HOSPITAL CHECK: Berkshire Medical Center reported caring for six COVID-19 patients, down from 17 from a week ago and 34 a month ago. Statewide, 888 people are hospitalized. Of those hospitalized, 229 are in ICU and 140 are on ventilators.
WIDER WORLD OF COVID: Global cases top 111,642,024, with 2,471,801 deaths, according to data provided by Johns Hopkins University. The U.S. has seen at least 28,174,133 cases and 500,071 deaths.
LEADING INDICATORS: The DPH provides the following statistics as indicators in the fight against coronavirus infection. Monday’s figures:
– Seven-day average of new confirmed cases: 1,245. That is down from the recent high of 6,239 on Jan. 8.
– Seven-day weighted average of positive test rate: 1.9. That is down from the recent high of 8.7 on Jan. 1.
– Seven-day average of number of COVID-19 patients in hospitals: 1,012. That is down from the recent high of 2,336 on Jan. 9.
– Seven-day average of COVID-19 deaths: 40.9. That is down from the recent high of 73.9 on Jan. 11.
MONEY FOR NOTHING? The State House News Service obtained payment records for the company that provided the online appointment platform for COVID-19 vaccinations that crashed last week. Here’s their report, by Colin A. Young:
The Maryland-based software company whose technology played a role in the state's COVID-19 vaccine scheduling system fiasco last week appears to have cost Massachusetts almost half a million dollars, according to the Baker administration. PrepMod, an offshoot of the Maryland Partnership For Prevention and Multi-State Partnership for Prevention that says it is "the state's biggest online appointment vendor," accepted responsibility for the chaos that ensued when about one million more people became eligible to get a vaccine appointment last Thursday, though other systems are believed to have failed as well.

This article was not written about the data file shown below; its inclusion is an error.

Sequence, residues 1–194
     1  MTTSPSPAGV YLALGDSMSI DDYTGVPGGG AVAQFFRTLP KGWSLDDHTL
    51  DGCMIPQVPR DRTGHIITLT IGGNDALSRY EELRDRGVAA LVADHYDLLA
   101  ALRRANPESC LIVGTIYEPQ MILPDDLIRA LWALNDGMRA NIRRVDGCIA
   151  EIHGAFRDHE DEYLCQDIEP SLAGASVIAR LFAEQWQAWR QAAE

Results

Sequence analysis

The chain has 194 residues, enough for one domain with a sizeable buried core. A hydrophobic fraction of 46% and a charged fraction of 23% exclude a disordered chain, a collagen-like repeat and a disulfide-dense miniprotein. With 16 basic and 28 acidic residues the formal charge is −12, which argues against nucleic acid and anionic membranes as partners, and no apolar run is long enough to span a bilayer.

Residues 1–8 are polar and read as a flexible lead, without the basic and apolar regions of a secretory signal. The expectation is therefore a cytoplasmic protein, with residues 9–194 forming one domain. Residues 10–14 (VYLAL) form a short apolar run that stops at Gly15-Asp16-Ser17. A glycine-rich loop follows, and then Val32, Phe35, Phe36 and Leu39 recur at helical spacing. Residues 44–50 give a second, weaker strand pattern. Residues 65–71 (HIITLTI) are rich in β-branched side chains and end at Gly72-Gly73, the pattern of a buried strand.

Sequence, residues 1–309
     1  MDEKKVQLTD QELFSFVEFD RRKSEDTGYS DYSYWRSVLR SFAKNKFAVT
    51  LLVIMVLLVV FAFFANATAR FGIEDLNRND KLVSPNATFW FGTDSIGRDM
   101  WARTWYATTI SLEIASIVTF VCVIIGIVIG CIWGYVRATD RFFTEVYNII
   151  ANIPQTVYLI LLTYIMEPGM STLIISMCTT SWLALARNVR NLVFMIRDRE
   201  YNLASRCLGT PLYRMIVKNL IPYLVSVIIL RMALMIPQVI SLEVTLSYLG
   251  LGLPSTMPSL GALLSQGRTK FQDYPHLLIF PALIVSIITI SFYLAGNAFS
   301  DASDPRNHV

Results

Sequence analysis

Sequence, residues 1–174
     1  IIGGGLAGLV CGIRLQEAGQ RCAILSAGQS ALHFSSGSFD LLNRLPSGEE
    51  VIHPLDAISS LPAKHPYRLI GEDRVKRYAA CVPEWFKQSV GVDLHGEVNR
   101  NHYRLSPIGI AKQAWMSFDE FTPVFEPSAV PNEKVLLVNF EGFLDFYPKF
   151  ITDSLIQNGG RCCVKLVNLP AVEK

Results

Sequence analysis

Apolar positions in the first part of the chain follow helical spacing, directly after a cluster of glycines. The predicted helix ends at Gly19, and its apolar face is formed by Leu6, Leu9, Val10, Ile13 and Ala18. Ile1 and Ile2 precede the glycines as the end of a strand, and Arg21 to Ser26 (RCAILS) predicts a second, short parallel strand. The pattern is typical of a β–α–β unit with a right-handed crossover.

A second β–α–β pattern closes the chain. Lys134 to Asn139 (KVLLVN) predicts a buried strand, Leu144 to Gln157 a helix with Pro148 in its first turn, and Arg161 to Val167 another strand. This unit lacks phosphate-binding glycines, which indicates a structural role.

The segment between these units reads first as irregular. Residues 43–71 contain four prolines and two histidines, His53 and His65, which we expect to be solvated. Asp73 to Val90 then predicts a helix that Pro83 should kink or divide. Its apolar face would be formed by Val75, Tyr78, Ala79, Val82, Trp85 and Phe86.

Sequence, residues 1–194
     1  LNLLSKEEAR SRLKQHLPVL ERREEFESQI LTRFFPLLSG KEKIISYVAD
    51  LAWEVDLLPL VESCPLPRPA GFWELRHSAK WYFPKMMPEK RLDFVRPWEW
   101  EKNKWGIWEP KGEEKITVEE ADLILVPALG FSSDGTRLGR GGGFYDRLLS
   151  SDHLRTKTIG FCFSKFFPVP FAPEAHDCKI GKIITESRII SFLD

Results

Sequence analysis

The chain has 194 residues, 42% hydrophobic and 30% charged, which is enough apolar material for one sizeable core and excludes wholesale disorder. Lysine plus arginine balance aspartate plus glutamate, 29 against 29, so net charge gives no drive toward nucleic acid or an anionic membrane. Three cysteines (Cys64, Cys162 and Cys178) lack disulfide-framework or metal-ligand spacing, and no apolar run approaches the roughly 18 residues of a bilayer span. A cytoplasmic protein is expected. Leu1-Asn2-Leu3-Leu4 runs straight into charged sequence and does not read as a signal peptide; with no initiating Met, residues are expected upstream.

The state's COVID-19 Command Center provided a bundle of documents related to the contract with PrepMod to the News Service on Monday afternoon. A purchase order dated Aug. 21, 2020, billed the Department of Public Health's Bureau of Infectious Disease and Laboratory Sciences $318,000 for "Enterprise Resource Planning Bundle and Services and Support." A separate document labeled as a quote indicates that the "Enterprise Resource Planning" bundle includes PrepMod, a clinic management system and an online consent form, and that the price tag includes a "statewide, lifetime user license" and one year of technical support. A subsequent purchase order, this one dated Jan. 7, bills the BIDLS a total of $120,531.
That total is split between $43,086 for a "Maryland Partnership for Prevention Project Manager" and $77,445 for "Maryland Partnership for Prevention Senior Development." In each case, the payments appear to be for three months of work.
In sum, the two purchase orders detail $438,531 worth of costs due to PrepMod or its parent organizations.
INFORMATION ON TESTING: “Stop the Spread” testing sites are open at three Berkshire Health Systems locations. Tests will be conducted for any reason, with the state picking up the cost. To schedule a test, call the toll-free hotline, 855-262-5465, from 8 a.m. to 4:30 p.m. daily.
Locations are: Pittsfield, 505 East St., St Luke’s Square, adjacent to BHS Urgent Care Center; North Adams, 98 Church St., next to the city library; Great Barrington: 475 Main St. Tests can also be obtained through CVS by filling out a form online.